Prices of edible oils have been rising across the world. Palm oil, the world's most consumed vegetable oil, surged to a new record high, spreading concerns about persistent global food inflation.
Malaysia's palm oil futures soared more than 40% this year, while soybean oil is up more than 50%. Prices of canola oil are also at a record.
Bloomberg notes the reason for the price surge is "because of the emergence of pent-up demand as economies reopen after COVID, the outlook for more use in renewable fuels as energy prices soar and production problems in major growers."
"Palm oil is not only riding on tight supply, which continues to sustain higher prices, but is also getting broader external support from energy markets," said Sathia Varqa, owner of Palm Oil Analytics in Singapore.
Production of palm oil in Malaysia has fallen this year because of a foreign worker freeze, exacerbating the country's labor shortages. The Malaysian Palm Oil Board reported that production in the first nine months of the year was the weakest since 2017.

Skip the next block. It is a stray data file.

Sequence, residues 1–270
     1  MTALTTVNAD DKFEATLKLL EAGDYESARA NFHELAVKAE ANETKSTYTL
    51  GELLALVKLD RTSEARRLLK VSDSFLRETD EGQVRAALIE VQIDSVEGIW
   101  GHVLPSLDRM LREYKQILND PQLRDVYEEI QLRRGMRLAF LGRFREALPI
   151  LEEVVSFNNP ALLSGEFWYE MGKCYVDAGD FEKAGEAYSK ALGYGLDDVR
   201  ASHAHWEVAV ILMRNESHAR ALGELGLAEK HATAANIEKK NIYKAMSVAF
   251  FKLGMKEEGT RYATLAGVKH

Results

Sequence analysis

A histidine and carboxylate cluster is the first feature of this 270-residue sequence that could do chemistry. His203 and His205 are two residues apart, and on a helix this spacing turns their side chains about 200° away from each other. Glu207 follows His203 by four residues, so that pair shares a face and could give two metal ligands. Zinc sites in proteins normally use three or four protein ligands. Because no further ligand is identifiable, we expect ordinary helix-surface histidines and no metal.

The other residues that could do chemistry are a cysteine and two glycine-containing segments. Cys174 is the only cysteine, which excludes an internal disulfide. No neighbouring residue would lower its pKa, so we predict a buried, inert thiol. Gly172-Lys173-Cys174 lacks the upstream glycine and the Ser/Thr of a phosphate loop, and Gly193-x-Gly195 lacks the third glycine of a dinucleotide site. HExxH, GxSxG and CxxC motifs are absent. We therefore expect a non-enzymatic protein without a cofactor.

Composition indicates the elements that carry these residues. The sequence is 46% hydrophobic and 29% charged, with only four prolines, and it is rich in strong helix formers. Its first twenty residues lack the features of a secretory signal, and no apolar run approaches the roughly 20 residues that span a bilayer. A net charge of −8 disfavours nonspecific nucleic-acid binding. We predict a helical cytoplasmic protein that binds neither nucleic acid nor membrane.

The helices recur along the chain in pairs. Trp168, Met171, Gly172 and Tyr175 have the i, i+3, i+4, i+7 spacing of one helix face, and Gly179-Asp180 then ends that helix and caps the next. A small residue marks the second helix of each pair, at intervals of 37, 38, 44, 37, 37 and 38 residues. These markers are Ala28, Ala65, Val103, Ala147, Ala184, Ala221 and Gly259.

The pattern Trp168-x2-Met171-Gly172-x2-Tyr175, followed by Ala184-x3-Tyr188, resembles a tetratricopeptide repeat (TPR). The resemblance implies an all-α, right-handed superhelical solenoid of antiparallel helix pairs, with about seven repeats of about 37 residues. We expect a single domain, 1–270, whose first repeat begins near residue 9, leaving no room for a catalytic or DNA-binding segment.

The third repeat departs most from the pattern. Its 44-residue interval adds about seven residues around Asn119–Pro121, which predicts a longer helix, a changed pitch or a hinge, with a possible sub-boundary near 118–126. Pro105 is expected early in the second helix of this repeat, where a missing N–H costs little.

"There are no stopping prices from going higher" until policies are implemented that are likely to cool the commodity market, such as higher interest rates," Varqa said.
This means that the weight of vegetable oils in the UN's Food and Agriculture Organization's FAO Food Price Index will continue to pressure global food prices higher. Last month, the index hit a new decade high, which includes a basket of food commodities (such as cereals, vegetable oils, dairy, meat, and sugar).
Global food prices surging to decades high is no laughing matter but an ominous sign for emerging market economies where households allocate more of their budgets to food. Rising food prices can cause discontent with governments and spark social unrest. SocGen's Albert Edwards first warned about this right before the pandemic began.